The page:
“When the well is dry, we know the worth of water.”

Plunk! Plunk!

I’m dropping slices of lime into my water. Plunk! is the sound they make.
My family has recently purchased a new refrigerator, one of the ones with a water dispenser. It has an ice dispenser, too, and you can pick if you want it crushed or cubed.

I like it better than water from the tap. It moves too fast from the faucet and doesn’t look clear. I like watching the clear water flow into my cup. Also, from what I am told, it’s filtered. Imagine that! Filtered water dispensed by your refrigerator! How fascinating.

Water is one of those things that bring us all together, I think. It’s essential. And it’s such a shame to see people waste it.

On the planet Arrakis, water is so precious, the Fremen spit on you as a sign of respect.

What do we do here? We dump it. We let it swirl down the drain, we pollute it. We see our oceans and lakes and rain and taps and think it’s all fine because the Earth is 70% water. But fresh water only makes up for about 3% of the Earth’s water supply, and most of that water are glaciers and ice caps. So there really isn’t that much drinkable water.
Americans, on average, use about 120 gallons per person a day. In the UK, it’s about 40 gallons/person, and in China, 22 gallons/person. Over forty percent of all countries are facing a water shortage. But still, we overuse and pollute the resource.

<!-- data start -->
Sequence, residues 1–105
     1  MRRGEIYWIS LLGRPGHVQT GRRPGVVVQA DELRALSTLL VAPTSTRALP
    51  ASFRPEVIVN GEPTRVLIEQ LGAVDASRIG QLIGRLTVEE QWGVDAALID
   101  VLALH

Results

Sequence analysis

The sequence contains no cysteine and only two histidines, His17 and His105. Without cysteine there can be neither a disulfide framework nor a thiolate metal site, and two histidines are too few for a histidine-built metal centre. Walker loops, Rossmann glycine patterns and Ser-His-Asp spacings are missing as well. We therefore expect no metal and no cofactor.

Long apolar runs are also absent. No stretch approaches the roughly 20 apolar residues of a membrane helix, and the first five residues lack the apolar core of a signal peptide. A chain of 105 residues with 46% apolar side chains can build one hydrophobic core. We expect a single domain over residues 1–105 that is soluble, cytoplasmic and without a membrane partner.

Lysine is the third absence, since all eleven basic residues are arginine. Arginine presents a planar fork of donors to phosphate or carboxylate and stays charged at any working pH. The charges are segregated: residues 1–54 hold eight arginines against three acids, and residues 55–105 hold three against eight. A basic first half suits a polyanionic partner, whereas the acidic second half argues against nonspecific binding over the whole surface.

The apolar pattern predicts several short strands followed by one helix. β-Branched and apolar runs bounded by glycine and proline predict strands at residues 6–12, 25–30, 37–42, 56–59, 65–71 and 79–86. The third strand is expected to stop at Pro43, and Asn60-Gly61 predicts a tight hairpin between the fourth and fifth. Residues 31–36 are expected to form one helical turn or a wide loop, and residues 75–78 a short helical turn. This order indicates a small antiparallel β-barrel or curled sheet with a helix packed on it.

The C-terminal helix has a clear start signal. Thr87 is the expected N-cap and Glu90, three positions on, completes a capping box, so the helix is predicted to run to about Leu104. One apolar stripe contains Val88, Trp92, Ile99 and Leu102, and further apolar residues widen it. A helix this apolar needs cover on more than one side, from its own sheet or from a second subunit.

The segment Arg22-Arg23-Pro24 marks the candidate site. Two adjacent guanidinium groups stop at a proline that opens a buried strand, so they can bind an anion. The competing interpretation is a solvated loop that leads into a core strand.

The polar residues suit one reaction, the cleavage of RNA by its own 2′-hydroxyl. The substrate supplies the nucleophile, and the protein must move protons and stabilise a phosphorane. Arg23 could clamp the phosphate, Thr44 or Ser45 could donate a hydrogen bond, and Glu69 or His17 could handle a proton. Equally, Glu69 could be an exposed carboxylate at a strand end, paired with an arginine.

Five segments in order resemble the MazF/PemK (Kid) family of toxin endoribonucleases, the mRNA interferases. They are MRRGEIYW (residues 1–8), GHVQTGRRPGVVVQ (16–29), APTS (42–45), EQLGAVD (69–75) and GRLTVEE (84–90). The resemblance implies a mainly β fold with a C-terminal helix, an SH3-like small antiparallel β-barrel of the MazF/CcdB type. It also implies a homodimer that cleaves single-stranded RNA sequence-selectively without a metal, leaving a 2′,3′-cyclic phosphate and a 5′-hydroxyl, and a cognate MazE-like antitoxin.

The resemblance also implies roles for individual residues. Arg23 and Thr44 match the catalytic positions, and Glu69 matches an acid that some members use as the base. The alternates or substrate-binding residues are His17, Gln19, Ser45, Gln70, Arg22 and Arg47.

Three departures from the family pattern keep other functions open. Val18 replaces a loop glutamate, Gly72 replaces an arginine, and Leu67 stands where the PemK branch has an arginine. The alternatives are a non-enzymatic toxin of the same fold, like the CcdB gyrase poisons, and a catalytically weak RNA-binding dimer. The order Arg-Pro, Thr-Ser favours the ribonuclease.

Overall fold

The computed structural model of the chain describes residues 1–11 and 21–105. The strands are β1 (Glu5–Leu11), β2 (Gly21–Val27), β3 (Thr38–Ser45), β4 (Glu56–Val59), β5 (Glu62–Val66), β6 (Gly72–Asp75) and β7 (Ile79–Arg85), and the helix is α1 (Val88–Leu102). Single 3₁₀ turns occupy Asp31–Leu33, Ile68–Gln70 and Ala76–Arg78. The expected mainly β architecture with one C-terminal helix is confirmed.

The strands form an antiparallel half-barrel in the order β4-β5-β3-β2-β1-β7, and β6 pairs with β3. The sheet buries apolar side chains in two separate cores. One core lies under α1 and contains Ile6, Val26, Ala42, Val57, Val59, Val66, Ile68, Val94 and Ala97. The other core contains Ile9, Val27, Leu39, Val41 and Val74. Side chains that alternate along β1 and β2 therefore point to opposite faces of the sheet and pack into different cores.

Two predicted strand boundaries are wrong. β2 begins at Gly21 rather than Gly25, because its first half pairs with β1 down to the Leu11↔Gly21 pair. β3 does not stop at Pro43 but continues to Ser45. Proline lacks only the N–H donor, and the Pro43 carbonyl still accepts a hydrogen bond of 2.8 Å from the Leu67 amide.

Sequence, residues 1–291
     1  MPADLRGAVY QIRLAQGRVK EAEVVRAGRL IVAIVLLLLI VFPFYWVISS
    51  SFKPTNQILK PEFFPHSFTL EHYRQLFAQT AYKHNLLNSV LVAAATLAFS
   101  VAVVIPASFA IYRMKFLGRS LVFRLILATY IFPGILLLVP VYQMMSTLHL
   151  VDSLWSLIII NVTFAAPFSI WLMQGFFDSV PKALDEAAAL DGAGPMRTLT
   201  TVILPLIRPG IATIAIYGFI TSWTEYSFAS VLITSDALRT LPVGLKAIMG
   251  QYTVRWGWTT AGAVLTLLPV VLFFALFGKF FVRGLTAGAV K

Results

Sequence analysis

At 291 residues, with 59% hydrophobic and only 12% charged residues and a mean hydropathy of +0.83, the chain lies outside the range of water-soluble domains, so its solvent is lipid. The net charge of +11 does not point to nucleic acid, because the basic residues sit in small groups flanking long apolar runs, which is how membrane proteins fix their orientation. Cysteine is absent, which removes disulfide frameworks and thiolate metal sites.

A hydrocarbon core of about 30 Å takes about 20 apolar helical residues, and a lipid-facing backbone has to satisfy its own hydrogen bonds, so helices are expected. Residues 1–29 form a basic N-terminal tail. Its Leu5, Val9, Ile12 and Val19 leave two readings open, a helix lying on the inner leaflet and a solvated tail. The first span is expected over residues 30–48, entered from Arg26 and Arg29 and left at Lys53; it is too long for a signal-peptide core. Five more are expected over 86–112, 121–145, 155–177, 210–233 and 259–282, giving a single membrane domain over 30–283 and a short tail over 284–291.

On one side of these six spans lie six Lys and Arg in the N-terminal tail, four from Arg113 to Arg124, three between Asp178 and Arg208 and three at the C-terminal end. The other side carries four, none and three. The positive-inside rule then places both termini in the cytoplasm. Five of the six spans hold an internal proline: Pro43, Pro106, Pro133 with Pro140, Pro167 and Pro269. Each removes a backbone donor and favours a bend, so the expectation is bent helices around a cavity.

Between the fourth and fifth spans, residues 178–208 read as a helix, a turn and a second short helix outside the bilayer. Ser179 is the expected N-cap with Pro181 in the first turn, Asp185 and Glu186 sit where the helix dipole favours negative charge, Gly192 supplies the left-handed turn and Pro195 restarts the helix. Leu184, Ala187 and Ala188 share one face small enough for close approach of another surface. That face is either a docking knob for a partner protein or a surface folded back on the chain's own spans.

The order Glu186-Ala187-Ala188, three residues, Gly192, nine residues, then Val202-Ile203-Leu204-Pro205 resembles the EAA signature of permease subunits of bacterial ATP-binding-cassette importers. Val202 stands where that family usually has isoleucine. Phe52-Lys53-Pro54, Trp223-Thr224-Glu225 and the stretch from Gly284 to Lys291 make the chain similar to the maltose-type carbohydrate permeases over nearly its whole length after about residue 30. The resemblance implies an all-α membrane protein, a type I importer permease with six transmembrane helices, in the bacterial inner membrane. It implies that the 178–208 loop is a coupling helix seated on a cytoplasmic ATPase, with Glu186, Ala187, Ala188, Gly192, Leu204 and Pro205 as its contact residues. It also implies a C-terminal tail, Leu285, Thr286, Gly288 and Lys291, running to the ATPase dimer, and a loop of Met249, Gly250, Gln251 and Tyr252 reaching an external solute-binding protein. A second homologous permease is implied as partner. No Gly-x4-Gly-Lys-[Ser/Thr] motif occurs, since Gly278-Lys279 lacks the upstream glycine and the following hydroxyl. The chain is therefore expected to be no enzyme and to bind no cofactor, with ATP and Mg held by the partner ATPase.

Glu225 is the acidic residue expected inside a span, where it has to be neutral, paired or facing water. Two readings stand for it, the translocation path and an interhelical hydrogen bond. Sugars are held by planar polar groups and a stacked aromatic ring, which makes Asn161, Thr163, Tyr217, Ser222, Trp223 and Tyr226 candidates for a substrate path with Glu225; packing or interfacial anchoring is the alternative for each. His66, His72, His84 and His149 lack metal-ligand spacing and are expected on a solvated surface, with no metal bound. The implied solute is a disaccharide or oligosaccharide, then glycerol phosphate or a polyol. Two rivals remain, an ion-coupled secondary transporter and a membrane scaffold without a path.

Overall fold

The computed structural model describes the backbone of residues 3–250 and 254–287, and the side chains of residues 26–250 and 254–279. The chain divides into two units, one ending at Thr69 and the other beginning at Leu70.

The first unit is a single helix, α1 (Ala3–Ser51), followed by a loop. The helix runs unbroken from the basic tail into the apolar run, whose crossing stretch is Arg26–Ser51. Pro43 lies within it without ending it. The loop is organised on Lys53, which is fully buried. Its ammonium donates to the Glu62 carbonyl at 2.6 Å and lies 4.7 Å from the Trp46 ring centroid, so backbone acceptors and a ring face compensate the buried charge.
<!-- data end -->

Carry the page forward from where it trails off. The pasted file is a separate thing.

How can we overuse a product that brings us all together as people rather than utilize it?

As a poor undergrad, I know all too well the routine of going out to eat but ordering water instead of other drinks because WATER IS FREE AND I AM NOT GOING TO PAY TWO DOLLARS FOR YOU TO GIVE ME FLAT SODA WITH WAY TOO MANY ICE CUBES IN IT SO WHEN THE ICE MELTS I’M DRINKING WATER ANYWAY. But what happens when that water holds a charge? It’s impossible to manufacture water, it can only be found in nature. And as population rises, eventually there will not be enough water to supply the population.

On the bright side, it probably won’t happen in my lifetime or in yours and probably not even your children’s children’s.

But it’s a terrifying thought. This resource that we feel is endless is not.

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